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Discussion Starter #1
I have been using the Gen 2 EVSE (24277224) at my office with 208V via the cord adapter route. Everything worked great for about 10 months and then intermittently the unit will not charge my vehicle. The DIC shows the plug attached with an "unable to charge" message. This is one of the Clipper Creek units that GM uses for the Gen 2 models.

Anyone else seen this problem and/or have a fix?
 

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Is the EVSE still showing a solid green light?

This happened to mine as well but the EVSE had a flashing red light fault. Unplugging and pluging back in would fix it if I left it unplugged for 15 minutes or so.

The problem kept reoccurring until I left the unit unplugged overnight. Since then it's been going strong again for several months.
 

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I should add I have a 2016 and have been using the 240 volt plug adapter hack since almost day one.
 

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The two lights on the unit will give a code as to what the problem could be. Also, since this is a 208V circuit, there could be a piece of equipment turning on that might be dropping the voltage below the acceptable limit.
 

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I am using my 2016 EVSE with the adapter connected to 240v line for over a year... charge sometimes more than once a day and plugged in over night with no issues. But I put in a dedicated line with nothing else drawing on it.
 

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Remove the hack adapter and plug it in to a good 120v outlet at home. Do it on the weekend when you have time for a 16 hour charge. If the EVSE works on 120 it should work on 240. Shutting off while charging is often because the receptacle is bad and heating up. This will go away by unplugging and waiting a few minutes for the plug to cool. Not being able to charge can also mean a failure of the latch on the J plug to the receptacle on the car. Also inspect the receptacle on the the car and the J plug for dirt, corrosion or damage.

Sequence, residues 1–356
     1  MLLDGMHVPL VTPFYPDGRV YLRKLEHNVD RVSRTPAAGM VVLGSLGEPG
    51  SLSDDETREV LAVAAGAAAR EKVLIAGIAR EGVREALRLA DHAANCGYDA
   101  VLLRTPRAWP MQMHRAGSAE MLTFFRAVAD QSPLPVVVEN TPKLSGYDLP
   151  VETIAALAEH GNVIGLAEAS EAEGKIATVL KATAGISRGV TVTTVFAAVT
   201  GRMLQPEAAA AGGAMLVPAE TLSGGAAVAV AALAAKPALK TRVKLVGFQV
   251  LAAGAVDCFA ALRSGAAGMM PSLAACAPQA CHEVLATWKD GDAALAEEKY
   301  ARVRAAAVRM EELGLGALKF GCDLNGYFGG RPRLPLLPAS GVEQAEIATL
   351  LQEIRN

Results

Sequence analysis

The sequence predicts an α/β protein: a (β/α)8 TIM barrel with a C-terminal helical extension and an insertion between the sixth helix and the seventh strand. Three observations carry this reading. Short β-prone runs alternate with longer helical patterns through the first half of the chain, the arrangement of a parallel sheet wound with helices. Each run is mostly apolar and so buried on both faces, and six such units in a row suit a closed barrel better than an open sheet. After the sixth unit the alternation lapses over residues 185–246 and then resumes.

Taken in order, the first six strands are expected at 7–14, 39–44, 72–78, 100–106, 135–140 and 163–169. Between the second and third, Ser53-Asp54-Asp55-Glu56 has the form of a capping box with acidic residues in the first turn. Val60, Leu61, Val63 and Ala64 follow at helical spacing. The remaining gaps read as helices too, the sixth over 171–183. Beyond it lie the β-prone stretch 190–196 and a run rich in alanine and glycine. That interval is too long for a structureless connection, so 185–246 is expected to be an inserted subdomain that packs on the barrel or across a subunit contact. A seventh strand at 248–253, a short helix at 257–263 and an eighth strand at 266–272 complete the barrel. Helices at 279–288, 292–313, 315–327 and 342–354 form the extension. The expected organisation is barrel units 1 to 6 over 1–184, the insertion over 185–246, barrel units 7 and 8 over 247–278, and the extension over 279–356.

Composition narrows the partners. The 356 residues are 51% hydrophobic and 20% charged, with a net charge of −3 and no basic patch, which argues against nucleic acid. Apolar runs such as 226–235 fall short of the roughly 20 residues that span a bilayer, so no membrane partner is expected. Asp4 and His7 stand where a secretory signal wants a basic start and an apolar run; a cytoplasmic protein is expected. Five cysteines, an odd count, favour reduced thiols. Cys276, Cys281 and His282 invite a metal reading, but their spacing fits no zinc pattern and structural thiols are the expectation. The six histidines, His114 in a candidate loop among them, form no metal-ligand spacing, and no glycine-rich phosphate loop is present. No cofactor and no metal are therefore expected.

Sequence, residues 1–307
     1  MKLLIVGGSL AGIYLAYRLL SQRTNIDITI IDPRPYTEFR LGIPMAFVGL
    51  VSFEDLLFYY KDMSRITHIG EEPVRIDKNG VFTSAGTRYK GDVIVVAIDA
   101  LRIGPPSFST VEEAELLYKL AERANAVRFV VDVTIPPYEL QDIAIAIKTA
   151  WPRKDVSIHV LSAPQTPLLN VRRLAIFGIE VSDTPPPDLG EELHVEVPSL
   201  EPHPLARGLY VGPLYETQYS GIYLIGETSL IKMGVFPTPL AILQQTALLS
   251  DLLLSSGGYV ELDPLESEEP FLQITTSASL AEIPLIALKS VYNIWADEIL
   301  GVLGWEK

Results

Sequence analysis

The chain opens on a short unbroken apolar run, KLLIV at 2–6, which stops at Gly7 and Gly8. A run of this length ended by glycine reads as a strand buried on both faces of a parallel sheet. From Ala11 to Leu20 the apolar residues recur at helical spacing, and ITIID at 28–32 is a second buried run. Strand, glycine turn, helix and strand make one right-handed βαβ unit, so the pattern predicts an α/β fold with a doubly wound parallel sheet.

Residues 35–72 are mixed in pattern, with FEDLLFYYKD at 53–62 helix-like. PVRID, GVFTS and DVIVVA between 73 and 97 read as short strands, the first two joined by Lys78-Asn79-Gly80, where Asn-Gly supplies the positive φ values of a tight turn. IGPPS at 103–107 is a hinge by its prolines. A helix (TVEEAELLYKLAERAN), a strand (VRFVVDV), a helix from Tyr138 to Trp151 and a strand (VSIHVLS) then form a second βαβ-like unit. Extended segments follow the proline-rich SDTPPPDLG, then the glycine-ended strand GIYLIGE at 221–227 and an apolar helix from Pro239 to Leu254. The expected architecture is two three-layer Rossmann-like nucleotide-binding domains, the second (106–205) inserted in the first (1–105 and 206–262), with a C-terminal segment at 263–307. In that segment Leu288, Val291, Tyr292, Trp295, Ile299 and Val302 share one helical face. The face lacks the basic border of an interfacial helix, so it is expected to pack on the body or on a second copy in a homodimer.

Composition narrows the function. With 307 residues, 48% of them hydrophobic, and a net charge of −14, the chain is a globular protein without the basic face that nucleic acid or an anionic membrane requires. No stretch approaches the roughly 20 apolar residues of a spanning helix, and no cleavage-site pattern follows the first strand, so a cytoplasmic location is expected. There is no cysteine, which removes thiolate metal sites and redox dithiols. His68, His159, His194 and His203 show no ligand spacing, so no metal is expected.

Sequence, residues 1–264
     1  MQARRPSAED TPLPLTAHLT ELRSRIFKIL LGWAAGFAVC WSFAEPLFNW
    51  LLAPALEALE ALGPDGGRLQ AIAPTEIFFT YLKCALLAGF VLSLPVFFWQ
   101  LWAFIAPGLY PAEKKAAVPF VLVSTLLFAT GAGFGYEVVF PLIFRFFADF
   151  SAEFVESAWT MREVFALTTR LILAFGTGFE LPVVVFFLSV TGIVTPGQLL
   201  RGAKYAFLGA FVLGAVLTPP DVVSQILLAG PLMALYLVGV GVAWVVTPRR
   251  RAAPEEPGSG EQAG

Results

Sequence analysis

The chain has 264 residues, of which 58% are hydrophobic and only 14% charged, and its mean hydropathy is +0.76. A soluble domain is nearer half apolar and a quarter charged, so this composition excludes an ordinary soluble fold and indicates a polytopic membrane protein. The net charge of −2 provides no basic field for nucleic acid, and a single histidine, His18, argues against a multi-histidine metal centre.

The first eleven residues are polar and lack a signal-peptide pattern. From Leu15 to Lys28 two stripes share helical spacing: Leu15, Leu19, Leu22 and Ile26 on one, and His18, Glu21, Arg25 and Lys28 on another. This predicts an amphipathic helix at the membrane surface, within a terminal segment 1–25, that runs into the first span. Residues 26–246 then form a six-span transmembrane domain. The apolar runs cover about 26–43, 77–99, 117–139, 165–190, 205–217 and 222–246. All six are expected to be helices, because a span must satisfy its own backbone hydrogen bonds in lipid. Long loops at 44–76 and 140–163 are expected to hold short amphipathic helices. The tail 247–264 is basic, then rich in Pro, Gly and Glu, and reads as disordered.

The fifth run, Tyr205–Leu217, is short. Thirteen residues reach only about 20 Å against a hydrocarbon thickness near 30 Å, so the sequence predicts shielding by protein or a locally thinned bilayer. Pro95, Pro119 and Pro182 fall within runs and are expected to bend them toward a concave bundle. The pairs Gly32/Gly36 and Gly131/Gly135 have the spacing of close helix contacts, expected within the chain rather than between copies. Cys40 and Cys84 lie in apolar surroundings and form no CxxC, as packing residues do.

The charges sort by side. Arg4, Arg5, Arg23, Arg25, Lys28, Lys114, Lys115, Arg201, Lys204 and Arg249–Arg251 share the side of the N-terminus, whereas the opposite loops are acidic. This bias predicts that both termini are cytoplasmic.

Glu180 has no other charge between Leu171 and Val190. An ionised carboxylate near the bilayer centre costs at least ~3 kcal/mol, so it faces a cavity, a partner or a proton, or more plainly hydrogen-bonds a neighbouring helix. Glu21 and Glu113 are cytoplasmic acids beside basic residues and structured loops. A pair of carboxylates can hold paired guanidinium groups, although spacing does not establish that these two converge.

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Discussion Starter #8
Got green light always. Same problem @110V, 240 and 208 (work is dedicated one phase of 208, why is it low). Unplugged and replugged no change. I have another hack 240-> NEMA 5-20 @ home on my ClipperCreek 50A circuit, still no charge.

I did clean the pins and sockets with alcohol and I suspect bad science as it worked once. The car's plug works with the original EVSE and my ClipperCreek LCS just fine. The problem seems to be this Gen 2 EVSE. The pilot signal works, as the car knows it the plug has been inserted. It is as if the AC line is not connecting. I am hoping it is something easy to fix, such as "oh, the contactor always causes this". Not sure if there is some other secret masonic handshake I am missing.

I do miss my fastish charging at work going back to 110V!
 

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Are you sure the Pilot signal works? There are two handshake pins. The first phase is detection of the Proximity signal. Proximity initiates the handshake sequence. If Pilot is not the correct voltage or duty cycle, the car will decline to activate charging. Not sure why your EVSE would stop working, unless something broke on the Pilot signal or pin.
 

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Got green light always. Same problem @110V, 240 and 208 (work is dedicated one phase of 208, why is it low). Unplugged and replugged no change. I have another hack 240-> NEMA 5-20 @ home on my ClipperCreek 50A circuit, still no charge.

I did clean the pins and sockets with alcohol and I suspect bad science as it worked once. The car's plug works with the original EVSE and my ClipperCreek LCS just fine. The problem seems to be this Gen 2 EVSE. The pilot signal works, as the car knows it the plug has been inserted. It is as if the AC line is not connecting. I am hoping it is something easy to fix, such as "oh, the contactor always causes this". Not sure if there is some other secret masonic handshake I am missing.

I do miss my fastish charging at work going back to 110V!
If there are no error lights on the EVSE, the car's onboard charger is dropping the charge session. It's probably not an issue with the EVSE or the car, there's a good chance the car is doing its job and protecting itself from "dirty" power.

You said this started up recently, after ~10mos of working fine. If you live in a northern area and the weather is warming up to where AC is ramping up in your work buildings, the compressors, water pumps, and fans could be dragging that 208V leg down in voltage. I think you can log that voltage through the OBD2 port, and see if you can catch it.

EDIT: seeing the problem isn't dedicated to your work connection, your car wouldn't be the first to have its charge port replaced. ;)
 

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Discussion Starter #11
I have a service scheduled next week for the my NYS inspection and look into the axle klunk issues. I will add the EVSE to the ticket and see where that goes. Thanks for the tips Chris
 
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